MBS Co-Inventor Concerned About Future of RMBS


Lew Ranieri doesn’t suffer fools easily—and it galls him that he sometimes gets blamed for the nation’s housing crisis because he helped put mortgage-backed securities on the map in the early 1980s when he was a young bond trader at Salomon Brothers.

As Ranieri and those who’ve known him for years will tell you, there’s nothing wrong with securitizing “A” paper loans as long as they are properly underwritten. (Many in the industry agree, though everyone’s waiting to hear on the final regulatory definition of “qualified residential mortgage.”)

Certain pundits and journalists throw his name on the housing crisis blame list without realizing that he never sold a nonprime bond, and that he departed from Wall Street long before the first subprime crisis of the late 1990s, and then the blow up that commenced in 2007-2008 when firms such as Bear Stearns, Citicorp Securities, Greenwich Capital, Lehman Brothers and Merrill Lynch were securitizing zero-downpayment and 80-10-10 loans with no credit checks and doctored FICO scores.

In a speech made in late 2006, at a forum sponsored by the Office of Thrift Supervision, Ranieri called the industry on the carpet, warning of a “powerful MBS sector (nonprime) that was untethered in its enthusiasm.” The former Salomon Brothers vice chairman warned that Wall Street had gone overboard securitizing subprime mortgages without paying much attention to credit quality.

He warned about layered risk and nonexistent underwriting standards on subprime, and worried that the rating agencies were now playing the role of “quasi regulator.” He was right—but he seldom gets credit for that speech, which was covered in a few wire reports as well as National Mortgage News.

Although he is best known in the larger financial services industry as the man who helped invent the MBS, during his long career he also is credited with taking a failed Houston SL and reconstituting it (with federal aid) into Bank United of Houston, a thrift he sold a decade later for $1.2 billion. (The one blemish on his career is the collapse of another Texas bank, Franklin Bank, which failed because of too many builder loans.)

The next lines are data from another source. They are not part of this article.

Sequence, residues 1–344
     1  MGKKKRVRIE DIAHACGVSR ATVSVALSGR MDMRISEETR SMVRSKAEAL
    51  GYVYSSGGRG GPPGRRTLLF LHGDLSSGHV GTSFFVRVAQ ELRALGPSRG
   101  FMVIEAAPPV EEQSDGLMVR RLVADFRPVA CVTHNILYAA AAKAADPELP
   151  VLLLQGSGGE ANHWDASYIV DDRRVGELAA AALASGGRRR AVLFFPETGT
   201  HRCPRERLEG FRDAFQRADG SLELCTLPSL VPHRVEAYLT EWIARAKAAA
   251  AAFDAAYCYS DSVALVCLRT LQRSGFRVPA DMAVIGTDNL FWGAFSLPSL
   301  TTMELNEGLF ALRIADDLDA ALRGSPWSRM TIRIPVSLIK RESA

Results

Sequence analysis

These days Ranieri continues to manage a group of private equity funds that fall under the banner of his longtime company, Hyperion. A few years back he also launched the Selene Residential Mortgage Opportunity Fund, which oversees a specialty servicer that handles troubled loans and properties.

The Brooklyn native continues to attend industry events and makes speeches, and serves as an elder statement of sorts on industry matters far and wide. One of his latest causes is getting the GSEs to move their massive holdings of foreclosed homes.

Ranieri believes that Fannie Mae and Freddie Mac should ease their current restrictions and allow individual investors to purchase up to 50 foreclosed homes each. (Fannie currently limits individual investors to 10 real estate owned properties each, while Freddie restricts them to just four.)

As for the MBS market, he told National Mortgage News, “It’s not clear we’ll have a really workable RMBS market in the near future. One will be created, but it may be a year away.”

In an email exchange he noted, “I’m not convinced that we’ll ever replace the government market altogether, and at best, the dominance of the government role will be decreased to 60%-65%. Given the nature of the capital markets, it’s improbable that a Fannie, Freddie, or possibly a giant Ginnie Mae, will not be part of the mortgage market.”

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